- Sorry, but no one cries at Pinocchio. ↩
- A clear reference to the tremendously famous Barnum and Bailey elephant, Jumbo. Dumbo seems to be set in the 40s, though, and Jumbo died in 1885 when he was hit by a train. I know elephant gestation periods are long, but I don’t think Dumbo can quite lay claim to such an illustrious pedigree without time travel being involved! Orrrr maybe I’m thinking too hard about this. ↩
- Fun fact: “Baby Mine” was sung by Betty Noyes, best known (…ish) as the singing voice for Debbie Reynolds in Singin’ in the Rain, my all-time favorite movie. ↩
- Matriarch Elephant was voiced by Verna Felton, who voiced, like, every single older woman in a Disney movie for several decades, including the Fairy Godmother, Flora, and the Queen of Hearts. ↩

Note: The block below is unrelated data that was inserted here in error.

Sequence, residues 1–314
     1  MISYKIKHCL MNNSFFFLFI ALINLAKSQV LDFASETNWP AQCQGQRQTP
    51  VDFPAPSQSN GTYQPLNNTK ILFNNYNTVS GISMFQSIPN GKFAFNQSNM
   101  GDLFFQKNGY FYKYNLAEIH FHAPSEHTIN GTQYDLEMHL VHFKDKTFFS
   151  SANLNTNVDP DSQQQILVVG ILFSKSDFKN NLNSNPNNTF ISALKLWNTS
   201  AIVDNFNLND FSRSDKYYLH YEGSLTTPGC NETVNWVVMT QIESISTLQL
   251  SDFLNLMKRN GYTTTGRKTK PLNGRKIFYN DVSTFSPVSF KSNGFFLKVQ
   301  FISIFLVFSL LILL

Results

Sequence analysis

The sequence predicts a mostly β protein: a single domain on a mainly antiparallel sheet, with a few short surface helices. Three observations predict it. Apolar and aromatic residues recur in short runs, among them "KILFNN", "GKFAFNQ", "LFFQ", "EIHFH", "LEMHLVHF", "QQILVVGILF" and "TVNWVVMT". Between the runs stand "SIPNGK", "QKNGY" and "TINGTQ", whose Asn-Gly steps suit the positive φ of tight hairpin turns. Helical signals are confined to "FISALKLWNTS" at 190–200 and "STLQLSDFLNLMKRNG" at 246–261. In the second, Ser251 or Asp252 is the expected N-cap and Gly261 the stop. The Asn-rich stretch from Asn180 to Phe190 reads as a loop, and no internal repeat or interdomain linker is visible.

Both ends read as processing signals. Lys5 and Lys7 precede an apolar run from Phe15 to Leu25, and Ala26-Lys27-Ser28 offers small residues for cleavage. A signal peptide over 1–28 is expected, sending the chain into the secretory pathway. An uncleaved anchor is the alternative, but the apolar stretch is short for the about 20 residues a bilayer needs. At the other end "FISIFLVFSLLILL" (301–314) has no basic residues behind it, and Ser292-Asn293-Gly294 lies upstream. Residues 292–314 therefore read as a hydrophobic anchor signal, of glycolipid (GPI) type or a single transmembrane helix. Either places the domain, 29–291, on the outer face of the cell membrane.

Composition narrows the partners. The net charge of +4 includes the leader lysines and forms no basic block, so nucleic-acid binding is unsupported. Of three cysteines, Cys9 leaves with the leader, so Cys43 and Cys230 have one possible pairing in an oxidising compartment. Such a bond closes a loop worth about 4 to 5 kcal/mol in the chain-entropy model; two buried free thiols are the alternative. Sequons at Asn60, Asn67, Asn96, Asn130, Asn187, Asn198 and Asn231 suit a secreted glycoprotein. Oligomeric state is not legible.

- And while we’re on the subject of labor and clowns…Disney was in the midst of a bitter strike during the making of Dumbo. Most of the animators picketed, and though the strike obviously ended and the film was completed, the “family” atmosphere at the studio was gone forever. Most of my Disney books claim that the clowns are caricatures of the strikers, especially once they start singing “We’re Gonna Hit the Big Boss for a Raise”; Wikipedia agrees. Only John Grant argues against this theory, pointing out that Art Babbitt, who animated the silhouetted clowns (and was the undisputed Goofy master), has gone on record denying it; Grant also points out that if the clowns are the strikers, the Ringmaster should be Walt, and he’s very clearly not. John Canemaker, Disney historian, notes in the DVD commentary that two of the clowns are identified in the script as “Ollie” and “Frank” – presumably Ollie Johnston and Frank Thomas, two of the “Nine Old Men,” Walt’s favorite animators. My question is why Babbitt, a strike leader, would portray his fellow animators and strikers in such a negative, nasty, greedy light. In other words, I’m pretty dubious about the whole clown = strikers theory, but it’s so far back in the annals of Disney apocrypha, I doubt we’ll ever know for sure. ↩